Phone privacy is a right to be preserved by Virginia criminal defendants
Phone privacy is available for Virginia criminal defendants to secure or squander
Phone privacy is critical to criminal defendants and everyone else. As a Fairfax criminal lawyer, I know the thirst that law enforcement has for seizing and searching people’s cellphones, to investigate such alleged criminal activity as drug dealing, child pornography, and large-scale theft. Do not get caught in that police trap. Even if you think you have nothing to hide, you honor privacy rights by refusing to cede an inch of your cellphone privacy. Moreover, if you have ever let someone else use your phone — even if but for a moment — that is a long enough time for the other person even unwittingly to get you connected with allegedly criminal activity.
What do I do when the police officer asks to see my cellphone, or ask for my password?
Police thirst to search people’s cellphones, in part hoping to bypass password and other phone privacy protection for today’s cellphone technology. As with any police encounter, you have the right to decline talking with the police, which includes telling the police nothing about your cellphone. Declining to speak with the police is as simple as saying “No.”
What is a bypass approach that police use to seek backdoor access around phone privacy?
Police know that a cellphone cannot be searched without seizing the phone, and accessing the data therein, working around phone privacy. Police know that many people use multilayered security approaches to block people from their cellphone data, through such approaches as using combinations of such factors as protection via password and facial recognition. Knowing this, police love when an arrested suspect asks to use his or her cellphone to call a friend or family member to let them know the suspect’s whereabouts, or to ask the friend or family member to obtain a lawyer for them or to pick them up. Commonly the police will refuse to let the suspect touch their phone functions. beyond unlocking the cellphone to enable the outgoing phone call. Once the phone is unlocked, the police will endeavor to keep it unlocked while waiting to obtain a search and seizure warrant for the phone.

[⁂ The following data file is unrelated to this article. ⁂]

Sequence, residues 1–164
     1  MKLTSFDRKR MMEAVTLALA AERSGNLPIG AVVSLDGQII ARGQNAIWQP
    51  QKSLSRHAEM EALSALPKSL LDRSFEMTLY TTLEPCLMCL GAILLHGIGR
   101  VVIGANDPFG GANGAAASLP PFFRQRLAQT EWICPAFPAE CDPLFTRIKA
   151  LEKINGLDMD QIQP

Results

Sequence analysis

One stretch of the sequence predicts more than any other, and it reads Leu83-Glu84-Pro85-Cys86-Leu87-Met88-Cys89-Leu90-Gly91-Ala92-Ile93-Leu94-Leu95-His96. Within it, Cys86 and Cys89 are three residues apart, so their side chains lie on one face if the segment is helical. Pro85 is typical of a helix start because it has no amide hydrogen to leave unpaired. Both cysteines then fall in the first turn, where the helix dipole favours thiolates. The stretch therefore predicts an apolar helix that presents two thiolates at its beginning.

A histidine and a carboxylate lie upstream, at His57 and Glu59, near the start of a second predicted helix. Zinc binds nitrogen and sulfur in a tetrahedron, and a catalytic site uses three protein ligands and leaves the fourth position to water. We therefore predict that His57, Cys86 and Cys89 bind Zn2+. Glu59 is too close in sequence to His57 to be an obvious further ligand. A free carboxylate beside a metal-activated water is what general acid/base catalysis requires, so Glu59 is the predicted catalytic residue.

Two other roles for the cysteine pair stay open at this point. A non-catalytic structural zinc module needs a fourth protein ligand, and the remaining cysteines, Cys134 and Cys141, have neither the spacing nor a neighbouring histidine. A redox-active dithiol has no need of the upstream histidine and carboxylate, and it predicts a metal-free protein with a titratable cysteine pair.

What are my privacy rights in my cellphone?
The U.S. Supreme Court gives us extensive phone privacy rights, by generally barring police from accessing our cellphone data unless we consent to such access or unless police obtain a search warrant — supported by probable cause — to access our phone data. Consequently — as with declining other types of police searches — it is fully honorable and vital for us to decline police seizures and searches of our cellphones, and to decline to provide police with assistance nor codes for them to access that data.
Do I risk punishment if I refuse to help police unlock my cellphone data?
We never violate the law when lawfully asserting our Constitutional rights, including with our phone privacy. If a judge or judicial officer orders us to provide police the password to our cellphone or computer, or to otherwise help police access our data therein, ideally we will obtain a lawyer to immediately challenge such an order, regardless of the outcome of that challenge.
Fairfax criminal lawyer Jonathan Katz knows that effective defense against Virginia DUI, felony & misdemeanor prosecutions calls for a thorough and persuasive courtroom and pretrial approach. Learn the critical defensive difference that Jon Katz can make for your court-pending case by scheduling a free in-person consultation, at 703-383-1100.